“We have been dealing with this for a while,” Jeff Tolbert said. “We’ve attended things like death cafes, where you learn to communicate. You talk about things. You find out what really matters. That’s part of what drew me to the play.

“If people can get that at some point, it would be a much better world.”

The Vermont Pride Festival stages a reading of Paul Lucas’ Trans Scripts, Part I: The Women, at Chandler Music Hall in Randolph on Saturday night at 7:30. Lucas and members of the cast, including Bianca Leigh (“Tatiana”) from the Edinburgh production, will answer questions after the performance. Tickets cost $15 to $20 in advance and $17 to $22 at the door. Proceeds go to the programs of GLBTQ Legal Advisors and Defenders. To reserve seats and learn more, visit chandler-arts.org or call 802-728-9878, ext. 1.

Best Bets

Accordionist Jeremiah McLane, guitarist Eric McDonald and bassist/guitarist Corey DiMario perform traditional music of the British Isles, Quebec and France, as well as their own compositions, on Friday night at 7:30 in the Hayloft of the ArtisTree Community Arts Center in South Pomfret. General-admission tickets cost $15. To learn more, visit artistreevt.org or call 802-457-3500.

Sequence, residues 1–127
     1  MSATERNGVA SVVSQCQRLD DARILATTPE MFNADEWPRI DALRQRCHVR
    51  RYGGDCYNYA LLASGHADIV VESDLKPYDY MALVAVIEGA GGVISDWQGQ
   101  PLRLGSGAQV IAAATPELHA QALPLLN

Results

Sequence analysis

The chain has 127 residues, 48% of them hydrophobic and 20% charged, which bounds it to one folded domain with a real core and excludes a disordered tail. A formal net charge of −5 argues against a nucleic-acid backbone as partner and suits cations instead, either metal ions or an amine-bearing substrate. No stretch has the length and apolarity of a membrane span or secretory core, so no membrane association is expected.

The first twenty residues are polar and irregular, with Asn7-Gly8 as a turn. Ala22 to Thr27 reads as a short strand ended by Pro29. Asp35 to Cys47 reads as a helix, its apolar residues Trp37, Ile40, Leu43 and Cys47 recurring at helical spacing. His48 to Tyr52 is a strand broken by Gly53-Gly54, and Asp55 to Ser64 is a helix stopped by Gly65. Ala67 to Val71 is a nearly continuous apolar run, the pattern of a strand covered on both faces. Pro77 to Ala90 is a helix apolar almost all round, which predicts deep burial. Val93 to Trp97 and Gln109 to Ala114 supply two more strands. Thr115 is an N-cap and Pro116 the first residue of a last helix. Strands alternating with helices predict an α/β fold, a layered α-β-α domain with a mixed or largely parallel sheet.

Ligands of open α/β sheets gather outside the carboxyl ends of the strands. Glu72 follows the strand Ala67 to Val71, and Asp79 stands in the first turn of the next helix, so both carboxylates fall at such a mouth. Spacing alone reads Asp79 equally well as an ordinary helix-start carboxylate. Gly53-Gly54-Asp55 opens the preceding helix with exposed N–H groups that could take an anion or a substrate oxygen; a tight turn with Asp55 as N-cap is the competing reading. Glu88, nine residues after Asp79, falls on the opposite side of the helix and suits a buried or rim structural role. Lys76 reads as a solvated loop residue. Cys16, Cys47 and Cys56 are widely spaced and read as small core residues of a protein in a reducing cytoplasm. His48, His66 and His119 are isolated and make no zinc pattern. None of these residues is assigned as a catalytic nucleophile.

The Cantabile women’s chorus sings works of Elgar, Schubert, Vivaldi, Eric Whitacre and Ola Gjeilo at two Upper Valley venues this weekend: Saturday afternoon at 3 at the First Congregational Church of Lebanon and a 3 on Sunday afternoon at the First Congegational Church of Norwich. For tickets ($5 to $15) and more information, visit cantabilewomen.org.

Previews of Northern Stage’s production of Bob Stevens’ Only Yesterday start Wednesday at the Barrette Center for the Arts in White River Junction. The play reimagines a heart-to-heart between the young Beatles John Lennon and Paul McCartney. Opening night is Feb. 3 and the show runs through Feb. 18. To reserve seats and learn more, visit northernstage.org or call 802-291-7000.

Looking Ahead

Pentangle Arts will hold auditions at the Woodstock Town Hall Theatre on Feb. 3 for its April production of Hair: The Tribal Rock Musical. Aspiring singers, dancers and actors of all ethnicities are welcome to the tryouts, which will run from 10 a.m. to 5 p.m. To register for an audition time, visit pentanglearts.org/hair or the Pentangle Arts Council page on Facebook.

Banjo player Bob Amos, mandolin master Colin McCaffrey, fiddler Chris Brashear and The Starline Rhythm Boys will perform bluegrass, country and rockabilly music at Tunbridge Town Hall at 7:30 p.m. on Feb. 2, during an 80th-birthday celebration for veteran Nashville music producer Jim Rooney, now a resident of Sharon. Admission is $15 in advance and $20 at the door, with proceeds going to Royalton Community Radio. To reserve tickets and learn more, visit royaltonradio.org.

Theater/Performance Art